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The Ocean Race: Maximum concentration on board Holcim-PRB as they approach Cape Verde

by Team HOLCIM - PRB 20 Jan 12:23 PST From 15 January 2023
Team HOLCIM - PRB - The Ocean Race © Julien Champolion | PolaRYSE | Holcim-PRB

Kevin Escoffier, Tom Laperche, Abby Ehler and Sam Goodchild have only 171,5 nautical miles to go (4pm GMT rankings) to conclude this first leg of The Ocean Race. But there's no question of letting their attention wane.

While the Swiss-flagged monohull maintains its position at the head of the fleet, the team remains cautious and is trying to make the most of the milder sailing conditions. The swell has grown and the blue and green 60' is progressing at lightning speeds towards Mindelo on the island of Sao Vincente in the Cape Verde archipelago where the finish will be judged next night.

Holcim-PRB has averaged 19 knots over the last 24 hours and the images sent from onboard by reporter Julien Champolion show that the crew is 100% focused on the adjustments. The atmosphere has warmed up and the sailors have been able to take off their oilskins, but the physical commitment seems to be as strong as ever on board the foiler, which is being launched at full speed. After the small technical problems at the beginning of the race, the team can take advantage of a boat at its maximum potential for this final sprint, as Kevin Escoffier explains: "The repairs we made have held. There are inevitably some small details that we will have to review. We will check the boat at the finish, especially the fittings, because of the strong wind conditions we had to deal with in the Mediterranean, but nothing serious. We will have plenty of time to fix everything in Cape Verde."

In the rear of Holcim-PRB, the American Charlie Enright and his crew of 11th Hour Racing Team are only 67,3 nautical miles away. A little further back, 89,6 miles behind, in third place, Team Malizia is trying to make up ground. The arrival on the archipelago will be a very tense affair, as the wind will be very strong as they approach the volcanic islands. The wind can indeed be disturbed by the peaks of the surrounding islands, even if Sao Vincente is relatively flat. And at night, it is even more difficult to anticipate these variations, to spot the fishermen without light or the buoys of traps. If Kevin Escoffier and his crew have protected their leadership so far, they also know that the slightest mistake can be costly! Until the end of these 1,900 miles of Mediterranean-Atlantic sprint, vigilance will be required. Winning this first stage of the round-the-world race would be a great start for the Go Circular project which was the last to announce its participation in this extreme race.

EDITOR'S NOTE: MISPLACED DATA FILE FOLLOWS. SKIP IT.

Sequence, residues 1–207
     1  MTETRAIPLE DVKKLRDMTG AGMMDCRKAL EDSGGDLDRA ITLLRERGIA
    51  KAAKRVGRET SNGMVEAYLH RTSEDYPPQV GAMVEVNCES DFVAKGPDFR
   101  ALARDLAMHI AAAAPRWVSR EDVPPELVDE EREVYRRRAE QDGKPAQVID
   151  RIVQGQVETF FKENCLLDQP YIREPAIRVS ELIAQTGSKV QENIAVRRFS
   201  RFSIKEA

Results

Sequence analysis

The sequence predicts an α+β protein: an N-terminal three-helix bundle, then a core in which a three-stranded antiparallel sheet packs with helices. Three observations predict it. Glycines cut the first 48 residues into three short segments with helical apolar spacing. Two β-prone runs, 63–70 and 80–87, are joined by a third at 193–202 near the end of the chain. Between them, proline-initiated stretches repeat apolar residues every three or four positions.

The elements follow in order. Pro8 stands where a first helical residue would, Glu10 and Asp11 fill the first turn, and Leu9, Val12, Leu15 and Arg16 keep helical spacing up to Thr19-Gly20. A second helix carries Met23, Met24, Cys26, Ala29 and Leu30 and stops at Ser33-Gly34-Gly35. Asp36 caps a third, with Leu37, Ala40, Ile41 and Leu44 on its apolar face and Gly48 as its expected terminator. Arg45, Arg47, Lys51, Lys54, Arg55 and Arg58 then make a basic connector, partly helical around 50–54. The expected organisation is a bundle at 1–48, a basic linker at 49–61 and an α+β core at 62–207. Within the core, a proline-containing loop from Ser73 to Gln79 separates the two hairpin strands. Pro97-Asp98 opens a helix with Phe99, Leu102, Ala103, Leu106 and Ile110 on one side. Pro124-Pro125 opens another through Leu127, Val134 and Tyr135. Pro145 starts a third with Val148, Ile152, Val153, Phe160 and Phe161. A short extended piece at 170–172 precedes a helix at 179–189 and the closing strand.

The Holcim-PRB crew is united and focused on the same objective of victory. "The challenge at the end of this race is to stay focused. We know that in sailing, it's never over. On board, we are continuing our watch system. We haven't changed this way of doing things since the start of the race. The atmosphere is excellent, it feels good! It's really great to sail like this, while being efficient and concentrated. We are all sailing in a good mood! Everyone is really on the same wavelength. So I'm really enjoying sailing with these people, and I don't regret the choice of the crew in any way" concludes the skipper of Holcim-PRB.

The crew is expected to arrive in Mindelo tomorrow morning, Saturday, between 03:00 and 05:00 UT, or between 04:00 and 06:00 HF.

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